Monday, May 10, 2010

The Burden of Speech

Not until I spent seven days not saying a word, with the exception of three fifteen minutes interviews with Gil and Andrea, did I realize what an imposition speech can be. And I understood Gil's instruction that  "You are to keep noble silence throughout the retreat, to not disrupt process of settling taking place. Think about it as solids settling down the bottom of dirty water. If you agitate the water, the process of settling gets hindered, and the water does not get a chance to get pure."



Not having to speak, nor to listen to others' words, gave me spaciousness of mind. No need to worry about committing false speech, or being subjected to it. My attention naturally turned to cultivating wholesome thoughts, and deliberate actions. And I got the time and stillness necessary to meet with my most inner core. 

Speech. A necessity of life, that needs to be used with greater economy, and mindfulness.

2 comments:

  1. M.:

    Just completed 7 day silent retreat in March. The silence is such a powerful therapeutic force I sincerely wonder (not for the first time) how much difference what other specifics we practice then actually make. This last retreat was Dzogchen practice. Have previously done several silent breath meditation retreats and a silent vipassana retreat.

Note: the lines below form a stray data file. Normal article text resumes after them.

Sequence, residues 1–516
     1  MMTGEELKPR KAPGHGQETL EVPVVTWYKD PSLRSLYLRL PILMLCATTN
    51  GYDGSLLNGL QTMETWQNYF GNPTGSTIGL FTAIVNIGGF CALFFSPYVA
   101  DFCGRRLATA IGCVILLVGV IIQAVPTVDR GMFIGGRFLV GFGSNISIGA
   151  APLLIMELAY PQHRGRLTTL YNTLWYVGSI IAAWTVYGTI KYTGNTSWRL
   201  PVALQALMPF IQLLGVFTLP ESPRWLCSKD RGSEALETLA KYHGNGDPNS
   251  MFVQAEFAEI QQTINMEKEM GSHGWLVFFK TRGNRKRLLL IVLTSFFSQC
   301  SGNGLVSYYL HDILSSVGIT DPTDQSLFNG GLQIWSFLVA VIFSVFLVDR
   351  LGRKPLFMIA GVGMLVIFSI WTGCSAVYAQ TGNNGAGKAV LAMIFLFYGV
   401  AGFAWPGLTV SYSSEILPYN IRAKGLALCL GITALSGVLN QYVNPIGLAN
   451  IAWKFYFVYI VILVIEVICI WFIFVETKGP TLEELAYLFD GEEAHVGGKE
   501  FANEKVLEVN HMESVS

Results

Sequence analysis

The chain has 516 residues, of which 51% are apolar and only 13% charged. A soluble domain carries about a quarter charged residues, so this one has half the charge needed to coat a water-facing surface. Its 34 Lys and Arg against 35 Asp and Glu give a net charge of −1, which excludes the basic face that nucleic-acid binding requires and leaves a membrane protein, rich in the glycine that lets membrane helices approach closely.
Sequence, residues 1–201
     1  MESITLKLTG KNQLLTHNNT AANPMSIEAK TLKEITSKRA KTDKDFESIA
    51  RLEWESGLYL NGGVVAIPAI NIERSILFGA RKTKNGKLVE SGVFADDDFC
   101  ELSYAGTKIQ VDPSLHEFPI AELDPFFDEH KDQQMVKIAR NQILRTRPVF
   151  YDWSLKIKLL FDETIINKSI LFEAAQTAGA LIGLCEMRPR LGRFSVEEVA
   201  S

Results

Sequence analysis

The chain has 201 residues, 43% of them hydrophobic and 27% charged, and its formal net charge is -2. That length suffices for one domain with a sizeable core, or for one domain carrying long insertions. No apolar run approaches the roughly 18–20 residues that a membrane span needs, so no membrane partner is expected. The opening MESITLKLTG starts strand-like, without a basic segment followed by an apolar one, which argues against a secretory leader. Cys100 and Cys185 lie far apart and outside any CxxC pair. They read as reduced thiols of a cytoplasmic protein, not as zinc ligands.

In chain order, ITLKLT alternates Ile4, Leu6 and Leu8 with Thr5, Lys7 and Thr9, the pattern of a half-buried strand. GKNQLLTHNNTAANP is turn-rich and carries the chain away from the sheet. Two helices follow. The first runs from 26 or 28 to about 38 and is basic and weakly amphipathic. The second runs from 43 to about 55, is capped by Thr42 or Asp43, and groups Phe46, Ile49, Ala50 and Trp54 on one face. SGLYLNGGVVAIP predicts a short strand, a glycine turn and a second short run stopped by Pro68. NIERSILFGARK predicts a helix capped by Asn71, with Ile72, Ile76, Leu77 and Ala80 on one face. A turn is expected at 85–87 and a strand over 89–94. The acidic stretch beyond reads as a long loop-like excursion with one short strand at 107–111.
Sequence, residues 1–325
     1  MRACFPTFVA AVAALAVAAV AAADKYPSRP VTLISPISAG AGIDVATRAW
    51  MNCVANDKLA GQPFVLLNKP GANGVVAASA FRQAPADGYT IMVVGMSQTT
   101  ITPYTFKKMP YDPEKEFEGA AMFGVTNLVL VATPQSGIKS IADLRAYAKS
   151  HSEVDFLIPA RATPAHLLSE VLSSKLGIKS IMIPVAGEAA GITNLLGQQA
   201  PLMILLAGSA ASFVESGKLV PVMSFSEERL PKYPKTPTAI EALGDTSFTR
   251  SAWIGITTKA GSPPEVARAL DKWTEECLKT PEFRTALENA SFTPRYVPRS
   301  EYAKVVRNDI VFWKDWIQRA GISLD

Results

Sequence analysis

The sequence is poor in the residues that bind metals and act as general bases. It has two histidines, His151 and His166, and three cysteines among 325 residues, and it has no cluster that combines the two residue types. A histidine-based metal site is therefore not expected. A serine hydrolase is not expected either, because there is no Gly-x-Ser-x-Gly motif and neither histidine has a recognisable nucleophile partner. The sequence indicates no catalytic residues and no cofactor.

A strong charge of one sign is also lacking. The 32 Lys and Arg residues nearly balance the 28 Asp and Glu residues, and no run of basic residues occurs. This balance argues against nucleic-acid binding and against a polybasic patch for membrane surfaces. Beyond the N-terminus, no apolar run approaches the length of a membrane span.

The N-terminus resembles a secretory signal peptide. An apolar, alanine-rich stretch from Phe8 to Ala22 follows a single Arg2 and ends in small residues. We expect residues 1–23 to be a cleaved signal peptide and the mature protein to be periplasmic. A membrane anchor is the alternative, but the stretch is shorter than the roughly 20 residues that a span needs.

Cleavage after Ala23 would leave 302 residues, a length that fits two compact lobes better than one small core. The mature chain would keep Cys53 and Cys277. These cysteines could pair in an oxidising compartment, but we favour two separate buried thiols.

The things that impressed me the most this time: 1)how exhausting it felt to start talking again, and 2)how overwhelmingly loud and busy everyone/everything sounded. This sensitivity lasted for several days afterward.

    What occurred to me about the former: energy is reallocated in the body when it is not constantly going out through speech. (How often in the Pali Cannon does the Buddha assent with silence ?) About the latter, well, if it was a bit of a shock to reenter after only a week, what about a much longer retreat? What about a 3 year 3 month retreat ?

    In gassho,

    Diego stargazer

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  2. Thank you Diego, for sharing. I agree with your observation of reallocation of the energy that is usually devoted to speech, to more internal processes, including more centered physical presence. I wish silence was taught in schools . . . :)

    And yes, I am also curious to see what happens during, and after longer periods of silence. I am sure the monastics have a lot to say on the topic. I am thinking of doing a two week retreat next. My hunch is the longer the time, the deeper the work of deconstruction, and the greater the chance of getting to the bedrock of moment to moment experience.

    With much metta,

    marguerite

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